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ASFMRA Ag News - October 25, 2022

By ASFMRA Press posted 10-25-2022 07:59 AM


New Record: Iowa Farm Joins the $26,000 Per Acre Club

Farmland is still going for record amounts. Just look at this recent sale in Iowa. In Plymouth County, Iowa, a new record was set to the tune of $26,250 per acre.

The farmland included 55 acres of high-quality farmland, according to Brock Auction Company, which managed the sale. That means the total bill was $1.44 million.

The tracts included 53.8 cropland acres with a 27.11-acre corn base with a 176 bu. PLC Yield index and a 25.74-acre soybean base with a 53 bu. PLC Yield index. The Plymouth County assessor and NRCS office show the main soil types to be Galva with some Primghar and Colo. The farm carries a CSR II weighted average of 91.7 with almost 80% of the farm at 95 CSR II.

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Champions Retreat Easement Case - Did Anybody Win?

The much criticized syndicated conservation easement (SCE) industry is chalking up a victory this month, but there are probably other ways to look at it.

Judge Cary Douglas Pugh of the United States Tax Court has allowed $7,834,091 of a $10,427,435 charitable deduction claimed by Champions Retreat Golf Founders LLC on its 2010 tax return. Given that the IRS wanted to allow $20,000 that seems like a pretty good result for the partners in the Kiokee Creek partnership who seem to have most of the dogs in this fight. (The current owners of the Champions Retreat, 3 nine-hole golf courses and related facilities in Evans GA, have nothing at all to do with the case.) A closer look indicates that maybe they did not fare all that well.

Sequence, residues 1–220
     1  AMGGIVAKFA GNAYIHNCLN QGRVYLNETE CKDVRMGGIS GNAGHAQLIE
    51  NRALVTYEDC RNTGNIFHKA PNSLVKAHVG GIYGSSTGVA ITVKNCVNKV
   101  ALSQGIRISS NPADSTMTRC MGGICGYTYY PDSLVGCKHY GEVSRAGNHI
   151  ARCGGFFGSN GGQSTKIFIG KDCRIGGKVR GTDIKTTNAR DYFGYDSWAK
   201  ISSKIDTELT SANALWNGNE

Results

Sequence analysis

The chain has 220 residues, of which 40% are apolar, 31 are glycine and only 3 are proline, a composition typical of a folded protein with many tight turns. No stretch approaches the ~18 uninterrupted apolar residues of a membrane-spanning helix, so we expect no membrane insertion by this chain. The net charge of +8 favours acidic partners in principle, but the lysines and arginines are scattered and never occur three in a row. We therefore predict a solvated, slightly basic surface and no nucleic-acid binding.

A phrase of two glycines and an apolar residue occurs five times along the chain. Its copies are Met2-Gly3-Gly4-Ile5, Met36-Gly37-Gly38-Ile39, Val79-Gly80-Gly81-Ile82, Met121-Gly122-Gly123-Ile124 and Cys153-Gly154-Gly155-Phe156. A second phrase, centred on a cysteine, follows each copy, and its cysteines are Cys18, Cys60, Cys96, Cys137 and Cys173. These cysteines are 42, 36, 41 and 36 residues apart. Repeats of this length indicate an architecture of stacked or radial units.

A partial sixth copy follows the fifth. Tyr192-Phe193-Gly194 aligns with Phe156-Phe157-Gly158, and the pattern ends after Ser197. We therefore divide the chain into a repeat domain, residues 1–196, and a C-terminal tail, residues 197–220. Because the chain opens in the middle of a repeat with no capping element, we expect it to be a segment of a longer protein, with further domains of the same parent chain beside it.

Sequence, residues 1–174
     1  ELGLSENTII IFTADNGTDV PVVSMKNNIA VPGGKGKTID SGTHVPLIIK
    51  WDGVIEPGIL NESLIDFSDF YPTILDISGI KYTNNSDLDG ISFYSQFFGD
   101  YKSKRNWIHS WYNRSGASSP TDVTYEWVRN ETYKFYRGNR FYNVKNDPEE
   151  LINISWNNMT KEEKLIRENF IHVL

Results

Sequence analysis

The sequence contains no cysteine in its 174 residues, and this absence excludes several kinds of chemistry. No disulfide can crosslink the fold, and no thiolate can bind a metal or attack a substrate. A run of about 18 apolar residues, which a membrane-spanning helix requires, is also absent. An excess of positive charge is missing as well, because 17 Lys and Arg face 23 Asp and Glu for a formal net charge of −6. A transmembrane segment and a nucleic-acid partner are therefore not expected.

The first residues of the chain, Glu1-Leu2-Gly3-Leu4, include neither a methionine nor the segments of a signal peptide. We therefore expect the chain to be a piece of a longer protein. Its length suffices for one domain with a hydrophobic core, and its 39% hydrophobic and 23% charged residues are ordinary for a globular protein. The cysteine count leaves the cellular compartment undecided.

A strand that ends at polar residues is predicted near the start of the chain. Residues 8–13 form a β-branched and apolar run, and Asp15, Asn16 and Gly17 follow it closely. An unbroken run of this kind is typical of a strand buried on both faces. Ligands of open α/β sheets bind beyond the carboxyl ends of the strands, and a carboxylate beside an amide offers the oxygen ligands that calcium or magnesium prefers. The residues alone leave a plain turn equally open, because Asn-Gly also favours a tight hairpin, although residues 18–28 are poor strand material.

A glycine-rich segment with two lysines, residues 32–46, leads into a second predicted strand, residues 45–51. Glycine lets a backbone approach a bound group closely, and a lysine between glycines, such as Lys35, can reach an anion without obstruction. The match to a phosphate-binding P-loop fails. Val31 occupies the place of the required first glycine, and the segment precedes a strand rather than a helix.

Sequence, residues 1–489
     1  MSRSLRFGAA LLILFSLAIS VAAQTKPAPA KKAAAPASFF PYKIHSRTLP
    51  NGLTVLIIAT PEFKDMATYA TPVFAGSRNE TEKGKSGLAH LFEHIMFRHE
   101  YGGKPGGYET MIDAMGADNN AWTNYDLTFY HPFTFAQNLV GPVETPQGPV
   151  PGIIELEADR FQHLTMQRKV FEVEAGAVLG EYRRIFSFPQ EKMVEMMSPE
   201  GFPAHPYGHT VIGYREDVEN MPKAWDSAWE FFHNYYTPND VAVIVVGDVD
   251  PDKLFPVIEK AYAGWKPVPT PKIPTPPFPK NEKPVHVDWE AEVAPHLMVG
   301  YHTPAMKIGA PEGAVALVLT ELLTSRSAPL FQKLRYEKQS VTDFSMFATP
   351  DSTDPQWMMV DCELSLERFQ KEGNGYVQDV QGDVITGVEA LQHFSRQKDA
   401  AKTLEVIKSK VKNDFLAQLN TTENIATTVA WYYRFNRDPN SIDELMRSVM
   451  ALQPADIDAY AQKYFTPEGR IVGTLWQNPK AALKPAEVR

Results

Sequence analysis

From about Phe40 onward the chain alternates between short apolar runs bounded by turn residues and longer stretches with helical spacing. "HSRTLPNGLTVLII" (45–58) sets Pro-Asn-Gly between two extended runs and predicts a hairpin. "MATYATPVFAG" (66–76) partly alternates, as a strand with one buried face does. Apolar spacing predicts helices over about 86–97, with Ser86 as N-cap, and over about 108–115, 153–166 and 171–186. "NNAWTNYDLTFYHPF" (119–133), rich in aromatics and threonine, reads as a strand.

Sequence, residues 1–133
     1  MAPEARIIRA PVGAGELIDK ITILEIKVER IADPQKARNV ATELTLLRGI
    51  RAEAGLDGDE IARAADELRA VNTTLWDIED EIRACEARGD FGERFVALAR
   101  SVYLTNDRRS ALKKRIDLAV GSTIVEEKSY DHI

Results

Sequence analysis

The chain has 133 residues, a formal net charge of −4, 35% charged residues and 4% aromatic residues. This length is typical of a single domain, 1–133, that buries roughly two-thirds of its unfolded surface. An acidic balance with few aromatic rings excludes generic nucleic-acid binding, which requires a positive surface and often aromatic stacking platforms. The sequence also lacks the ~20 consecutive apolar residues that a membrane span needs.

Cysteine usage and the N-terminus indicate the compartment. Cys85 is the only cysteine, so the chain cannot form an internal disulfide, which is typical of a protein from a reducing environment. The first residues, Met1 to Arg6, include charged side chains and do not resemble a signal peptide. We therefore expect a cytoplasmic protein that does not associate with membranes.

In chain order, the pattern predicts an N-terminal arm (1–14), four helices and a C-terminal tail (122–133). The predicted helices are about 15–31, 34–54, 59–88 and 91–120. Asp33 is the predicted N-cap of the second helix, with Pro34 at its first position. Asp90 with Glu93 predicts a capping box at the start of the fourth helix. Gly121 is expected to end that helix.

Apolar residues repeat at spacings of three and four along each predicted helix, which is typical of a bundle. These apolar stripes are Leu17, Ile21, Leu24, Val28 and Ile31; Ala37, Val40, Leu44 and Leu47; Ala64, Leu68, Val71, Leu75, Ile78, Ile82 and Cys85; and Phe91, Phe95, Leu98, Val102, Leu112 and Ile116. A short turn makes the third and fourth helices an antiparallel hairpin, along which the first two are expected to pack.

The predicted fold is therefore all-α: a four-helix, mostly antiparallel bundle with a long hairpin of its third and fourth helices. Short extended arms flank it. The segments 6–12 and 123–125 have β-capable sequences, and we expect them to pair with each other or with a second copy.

2010 is ancient history when it comes to the syndicated conservation easement (SCE) industry. And Champions is pretty tame compared to a deal like TOT Property Holdings LLC, where, in 2013, a partnership claimed a nearly $7 million deduction on property that it had acquired weeks before for just over a million. In 2017 the IRS made certain SCEs listed transactions which has engendered a bruising political fight as well funded lobbyists have resisted reform legislation that has bipartisan support on a good day.

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The Wind Turbines on His Colorado Farm Are 20 Years Old. Who’s Going to Take Them Down?

It was the spring of 2000 when two wind company representatives came to Tom Fehringer’s farm near the Nebraska border.

They told him about a coming wind project and pressed him to sign a contract on the spot to lease his land for turbines. Fehringer consulted an attorney in Sterling who said the contract was vague but fairly similar to what an oil and gas company might present. The agreement was signed within a few weeks. Fehringer soon had nine of the Peetz Table wind project’s 33 turbines turning on his Logan County land.